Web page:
Sexual Harassment Charges Increase Once Again, According To EEOC Stats
Despite a 10 percent overall drop in the number of charges of employment discrimination, the Equal Employment Opportunity Commission just reported that sexual harassment charges filed with the agency jumped by 13.6 percent from the previous year. The 7,609 sexual harassment charges received in FY clearly demonstrate that the #MeToo movement is in no way slowing down. What do employers need to know about this development?
Sexual Harassment Statistics Once Again Serve As Main Story
The EEOC’s annual announcement of enforcement statistics is eagerly awaited by many in the employment community, as the figures shed light on the latest trends and shine a spotlight on the most significant developments in the employment discrimination universe. The FY 2018 data, released on April 10, once again highlight some of the most prevalent activity about which all employers need to be aware. The report is chock full of useful information, but the sexual harassment statistics once again jump off the digital page.
Over the past several years, employers have been confronted with the harsh reality that the increased focus and awareness on claims of sexual harassment were not just having on impact on media headlines and celebrity scandals, but actually leading to an increase in formal legal claims. In some ways, then, it is little surprise that the numbers rose 2018 – although the size of this year’s jump is somewhat eye-opening.
The increase to over 7,600 charges received shows that the #MeToo movement is not a trend or passing fad, but a sustained demonstration of the newfound or resurrected attention drawn to the need for respectful behavior in the workplace. As EEOC Acting Chair Victoria Lipnic announced in conjunction with the report, “we cannot look back on last year without noting the significant impact of the #MeToo movement in the number of sexual harassment and retaliation charges filed with the agency.”
The agency also reported that it obtained a record $56.6 million in settlements and awards for victims of sexual harassment, indicating that the charges being filed with the agency include many with real merit—or, at least include many that employers adjudge to open them up to enough exposure to warrant resolution.
Other Interesting Statistics
There were also a few other items of note in the summary report and the full collection of the detailed statistics. Among the more interesting pieces of information:
Retaliation Charges Lead The Way Once Again…
As noted by Acting Chair Lipnic, retaliation charges remained the most common type of claim brought by individuals, as FY 2018 saw 39,469 such charges filed – accounting for 51.6 percent of all charges filed with the agency. In fact, this past year marked the tenth straight year that retaliation charges led the way in overall charges.
Following retaliation, the most common types of charges involve sex (24,655), disability (24,605), race (24,600), and age (16,911). There were also a fair number of claims filed alleging discrimination involving national origin (7,106), color (3,166), religion (2,859), equal pay (1,066), and genetic information (220).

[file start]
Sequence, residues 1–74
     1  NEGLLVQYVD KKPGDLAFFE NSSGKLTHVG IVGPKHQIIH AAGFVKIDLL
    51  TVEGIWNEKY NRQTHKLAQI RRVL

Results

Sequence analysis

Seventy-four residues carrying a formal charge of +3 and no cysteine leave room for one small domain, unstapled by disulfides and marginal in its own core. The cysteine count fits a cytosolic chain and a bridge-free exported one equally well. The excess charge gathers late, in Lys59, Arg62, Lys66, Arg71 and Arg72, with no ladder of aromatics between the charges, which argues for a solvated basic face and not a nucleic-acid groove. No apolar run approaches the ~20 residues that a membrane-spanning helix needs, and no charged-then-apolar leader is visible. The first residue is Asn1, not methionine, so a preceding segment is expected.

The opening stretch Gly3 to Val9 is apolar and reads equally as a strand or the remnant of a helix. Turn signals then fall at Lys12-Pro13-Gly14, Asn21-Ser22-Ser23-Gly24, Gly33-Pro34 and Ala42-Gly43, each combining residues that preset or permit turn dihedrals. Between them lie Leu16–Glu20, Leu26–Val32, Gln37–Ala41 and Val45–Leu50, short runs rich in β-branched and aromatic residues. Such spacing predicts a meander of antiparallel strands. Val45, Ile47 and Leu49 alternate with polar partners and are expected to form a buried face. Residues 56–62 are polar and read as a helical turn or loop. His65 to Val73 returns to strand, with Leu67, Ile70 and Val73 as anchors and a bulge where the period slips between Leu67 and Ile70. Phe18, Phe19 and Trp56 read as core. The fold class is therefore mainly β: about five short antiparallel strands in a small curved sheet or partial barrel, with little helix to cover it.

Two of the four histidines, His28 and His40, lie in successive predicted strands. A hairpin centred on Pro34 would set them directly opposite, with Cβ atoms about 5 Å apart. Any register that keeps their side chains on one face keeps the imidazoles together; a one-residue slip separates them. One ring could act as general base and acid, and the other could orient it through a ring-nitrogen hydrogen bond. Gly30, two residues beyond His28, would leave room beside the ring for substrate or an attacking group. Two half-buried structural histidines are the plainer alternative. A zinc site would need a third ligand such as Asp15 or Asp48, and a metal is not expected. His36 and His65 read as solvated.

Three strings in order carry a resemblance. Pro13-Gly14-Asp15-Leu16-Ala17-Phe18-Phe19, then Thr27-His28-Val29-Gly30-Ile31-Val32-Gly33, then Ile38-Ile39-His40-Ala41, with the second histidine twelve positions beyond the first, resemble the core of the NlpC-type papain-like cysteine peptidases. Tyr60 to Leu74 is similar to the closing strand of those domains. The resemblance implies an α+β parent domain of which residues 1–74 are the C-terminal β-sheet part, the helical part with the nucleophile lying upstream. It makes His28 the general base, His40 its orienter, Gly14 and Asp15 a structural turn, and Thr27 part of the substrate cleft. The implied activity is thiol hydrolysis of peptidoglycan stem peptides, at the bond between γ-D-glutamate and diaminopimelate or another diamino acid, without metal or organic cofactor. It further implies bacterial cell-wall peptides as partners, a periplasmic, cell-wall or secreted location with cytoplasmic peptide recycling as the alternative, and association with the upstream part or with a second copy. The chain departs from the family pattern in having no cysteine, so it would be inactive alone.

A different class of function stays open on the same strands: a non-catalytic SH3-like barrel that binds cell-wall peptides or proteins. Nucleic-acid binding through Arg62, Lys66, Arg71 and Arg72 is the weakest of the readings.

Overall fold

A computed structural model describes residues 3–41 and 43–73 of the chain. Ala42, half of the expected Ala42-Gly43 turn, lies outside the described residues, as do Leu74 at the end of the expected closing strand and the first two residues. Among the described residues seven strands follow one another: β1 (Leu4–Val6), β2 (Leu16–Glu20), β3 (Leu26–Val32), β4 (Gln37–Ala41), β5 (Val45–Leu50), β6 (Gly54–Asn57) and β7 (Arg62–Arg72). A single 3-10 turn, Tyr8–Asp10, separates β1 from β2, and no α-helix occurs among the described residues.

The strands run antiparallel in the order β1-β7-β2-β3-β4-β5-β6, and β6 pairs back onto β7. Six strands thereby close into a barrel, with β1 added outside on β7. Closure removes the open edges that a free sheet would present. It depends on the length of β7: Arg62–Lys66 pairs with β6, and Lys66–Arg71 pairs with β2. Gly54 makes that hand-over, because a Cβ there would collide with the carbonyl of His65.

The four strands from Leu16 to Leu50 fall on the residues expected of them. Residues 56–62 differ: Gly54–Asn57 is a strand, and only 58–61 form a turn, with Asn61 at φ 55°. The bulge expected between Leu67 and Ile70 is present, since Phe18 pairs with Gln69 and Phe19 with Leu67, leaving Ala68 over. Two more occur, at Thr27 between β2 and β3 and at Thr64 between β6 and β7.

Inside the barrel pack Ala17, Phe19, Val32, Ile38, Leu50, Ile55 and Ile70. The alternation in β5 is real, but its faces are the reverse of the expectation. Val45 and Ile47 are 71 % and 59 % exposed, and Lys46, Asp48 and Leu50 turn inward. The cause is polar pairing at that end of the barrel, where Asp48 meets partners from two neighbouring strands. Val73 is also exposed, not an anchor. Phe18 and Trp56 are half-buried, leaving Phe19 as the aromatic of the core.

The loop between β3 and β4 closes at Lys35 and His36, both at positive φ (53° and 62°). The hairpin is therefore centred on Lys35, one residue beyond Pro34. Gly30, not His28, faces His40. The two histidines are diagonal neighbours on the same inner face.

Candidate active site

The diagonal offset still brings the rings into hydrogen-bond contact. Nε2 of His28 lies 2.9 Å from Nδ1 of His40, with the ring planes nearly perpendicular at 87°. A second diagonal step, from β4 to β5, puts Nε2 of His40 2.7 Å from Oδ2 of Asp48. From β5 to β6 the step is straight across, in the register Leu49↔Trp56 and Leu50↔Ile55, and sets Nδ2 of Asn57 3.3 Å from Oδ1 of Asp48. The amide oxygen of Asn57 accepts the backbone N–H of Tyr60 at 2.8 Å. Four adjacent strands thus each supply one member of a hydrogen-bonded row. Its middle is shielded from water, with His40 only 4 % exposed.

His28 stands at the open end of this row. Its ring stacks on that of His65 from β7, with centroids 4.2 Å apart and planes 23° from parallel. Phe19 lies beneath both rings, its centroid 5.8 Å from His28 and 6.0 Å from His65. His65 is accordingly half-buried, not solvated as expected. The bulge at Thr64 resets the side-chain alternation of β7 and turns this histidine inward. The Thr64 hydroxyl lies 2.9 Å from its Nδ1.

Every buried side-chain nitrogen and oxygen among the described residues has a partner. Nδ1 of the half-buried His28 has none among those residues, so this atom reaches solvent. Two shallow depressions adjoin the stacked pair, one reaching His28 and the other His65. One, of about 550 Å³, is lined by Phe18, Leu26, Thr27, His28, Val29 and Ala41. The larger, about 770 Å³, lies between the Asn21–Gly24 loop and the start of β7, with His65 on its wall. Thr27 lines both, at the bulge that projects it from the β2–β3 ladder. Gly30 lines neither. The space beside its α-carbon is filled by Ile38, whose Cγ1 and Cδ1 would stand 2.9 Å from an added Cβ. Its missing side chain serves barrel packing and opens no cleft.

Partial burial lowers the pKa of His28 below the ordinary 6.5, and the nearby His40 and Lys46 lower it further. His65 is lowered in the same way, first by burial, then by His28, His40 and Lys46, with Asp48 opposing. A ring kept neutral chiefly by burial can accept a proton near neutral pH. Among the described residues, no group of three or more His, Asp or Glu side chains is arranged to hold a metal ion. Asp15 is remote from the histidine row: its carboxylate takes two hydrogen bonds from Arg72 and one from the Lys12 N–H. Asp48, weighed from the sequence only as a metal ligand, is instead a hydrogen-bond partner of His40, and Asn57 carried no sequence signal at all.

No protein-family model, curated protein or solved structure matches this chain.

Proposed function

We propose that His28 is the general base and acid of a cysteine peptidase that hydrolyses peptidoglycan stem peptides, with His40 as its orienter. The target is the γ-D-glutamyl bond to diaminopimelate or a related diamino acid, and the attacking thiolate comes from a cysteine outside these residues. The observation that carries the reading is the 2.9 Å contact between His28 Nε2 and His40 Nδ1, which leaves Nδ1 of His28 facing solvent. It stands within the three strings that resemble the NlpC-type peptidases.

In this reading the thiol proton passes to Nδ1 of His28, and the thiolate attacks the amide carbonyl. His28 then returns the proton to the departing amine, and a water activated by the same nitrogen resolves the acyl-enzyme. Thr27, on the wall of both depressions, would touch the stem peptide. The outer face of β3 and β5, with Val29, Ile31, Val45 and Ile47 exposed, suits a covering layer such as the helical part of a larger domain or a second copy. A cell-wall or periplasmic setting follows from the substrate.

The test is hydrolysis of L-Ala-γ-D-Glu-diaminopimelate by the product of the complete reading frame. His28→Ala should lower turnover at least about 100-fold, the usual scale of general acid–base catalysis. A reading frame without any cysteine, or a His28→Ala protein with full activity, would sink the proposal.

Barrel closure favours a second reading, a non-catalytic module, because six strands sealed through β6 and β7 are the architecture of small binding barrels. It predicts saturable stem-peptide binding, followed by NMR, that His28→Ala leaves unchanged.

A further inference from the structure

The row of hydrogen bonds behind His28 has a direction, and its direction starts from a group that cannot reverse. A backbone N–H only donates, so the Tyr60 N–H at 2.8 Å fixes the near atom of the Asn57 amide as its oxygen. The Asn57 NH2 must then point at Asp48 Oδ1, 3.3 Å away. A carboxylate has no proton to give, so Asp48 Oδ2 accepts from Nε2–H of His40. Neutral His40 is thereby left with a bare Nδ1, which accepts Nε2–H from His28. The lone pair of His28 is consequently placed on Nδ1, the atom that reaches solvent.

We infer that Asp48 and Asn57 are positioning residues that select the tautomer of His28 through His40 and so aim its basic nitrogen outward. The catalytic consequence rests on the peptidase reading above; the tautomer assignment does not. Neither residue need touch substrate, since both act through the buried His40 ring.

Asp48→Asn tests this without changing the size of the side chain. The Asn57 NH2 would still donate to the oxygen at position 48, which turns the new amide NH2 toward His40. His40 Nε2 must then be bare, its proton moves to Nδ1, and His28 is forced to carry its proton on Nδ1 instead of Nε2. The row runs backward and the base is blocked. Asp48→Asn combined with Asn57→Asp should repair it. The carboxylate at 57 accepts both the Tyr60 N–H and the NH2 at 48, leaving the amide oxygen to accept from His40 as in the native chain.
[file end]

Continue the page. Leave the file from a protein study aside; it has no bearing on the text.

…But Overall Number Of Charges Dip To 12-Year Low
Despite these trends, the EEOC’s statistics also show that only 76,418 charges of workplace discrimination were filed in FY 2018, a more than 10 percent drop from FY 2017 (when 84,254 charges were filed). This figure represents a 12-year low in total charges filed, coming in as the lowest amount since FY 2006. It also represents a 25 percent drop from 2012, when claimants filed over 99,000 charges.
Resolutions Lead To Significant Recovery
The EEOC announced that it resolved 90,558 charges of discrimination in FY 2018, securing $505 million for private sector, state and local government, and federal workers.
Litigation Function Remains Very Active
The EEOC also said that its legal staff filed 199 merits lawsuits alleging discrimination in the past year, including 117 individual suits, 45 suits involving multiple victims or discriminatory policies, and 37 systemic discrimination cases. The agency said it achieved a successful outcome in over 95 percent of all district court resolutions in the past year, and currently has 302 cases on its active docket.
High Levels Of Interest Demonstrated By Public
The EEOC said that it handled over 519,000 calls to its toll-free number, managed over 34,600 emails, and received more than 200,000 inquiries in field offices. This reflects the significant public demand for the EEOC’s services, and highlights just how inquisitive workers are when it comes to the enforcement of federal civil rights laws.
The agency also announced that it had reduced its charge workload by 19.5 percent in FY 2018, lowering that number to 49,607. It said that it achieved this goal by “deploying new strategies to more efficiently prioritize charges with merit, more quickly resolve investigations, and improve the agency's digital systems.” Because of the agency’s efforts, it now has the lowest inventory of private sector charges in a dozen years.
What Should Employers Do?
In the wake of these statistics, you should be more aware than ever of the importance of a positive workplace culture and the need to eliminate sexual harassment in the workplace. You should review our firm’s five-point plan for addressing sexual harassment concerns, developed by partners Jennifer Sandberg and Joe Shelton. It can be accessed here.
We will continue to monitor further developments and provide updates, so you should ensure you are subscribed to Fisher Phillips’ alert system to gather the most up-to-date information. If you have questions, please contact your Fisher Phillips attorney.
This Legal Alert provides an overview of a specific federal regulatory announcement. It is not intended to be, and should not be construed as, legal advice for any particular fact situation.